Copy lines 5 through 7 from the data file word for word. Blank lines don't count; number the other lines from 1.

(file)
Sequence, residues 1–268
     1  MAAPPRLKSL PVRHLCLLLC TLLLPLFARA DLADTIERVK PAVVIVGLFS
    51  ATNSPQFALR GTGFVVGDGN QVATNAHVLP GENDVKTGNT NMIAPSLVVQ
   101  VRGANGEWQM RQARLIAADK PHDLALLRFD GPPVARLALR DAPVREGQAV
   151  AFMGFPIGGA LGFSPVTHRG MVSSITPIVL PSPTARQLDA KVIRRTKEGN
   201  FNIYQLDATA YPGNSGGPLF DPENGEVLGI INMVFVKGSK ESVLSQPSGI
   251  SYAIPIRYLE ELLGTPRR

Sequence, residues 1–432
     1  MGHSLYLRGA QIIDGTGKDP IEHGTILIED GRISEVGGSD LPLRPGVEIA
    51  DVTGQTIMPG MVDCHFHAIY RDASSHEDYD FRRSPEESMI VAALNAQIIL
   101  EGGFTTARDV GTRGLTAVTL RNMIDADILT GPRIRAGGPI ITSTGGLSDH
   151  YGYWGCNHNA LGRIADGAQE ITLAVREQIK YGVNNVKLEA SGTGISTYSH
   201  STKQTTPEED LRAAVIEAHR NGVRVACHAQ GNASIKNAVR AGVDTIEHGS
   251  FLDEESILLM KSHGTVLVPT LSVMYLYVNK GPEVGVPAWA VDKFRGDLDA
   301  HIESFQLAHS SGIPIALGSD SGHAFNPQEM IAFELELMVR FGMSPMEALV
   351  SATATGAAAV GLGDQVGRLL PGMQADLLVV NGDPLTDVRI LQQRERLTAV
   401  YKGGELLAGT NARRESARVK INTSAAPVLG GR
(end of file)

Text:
   151  AFMGFPIGGA LGFSPVTHRG MVSSITPIVL PSPTARQLDA KVIRRTKEGN
   201  FNIYQLDATA YPGNSGGPLF DPENGEVLGI INMVFVKGSK ESVLSQPSGI
   251  SYAIPIRYLE ELLGTPRR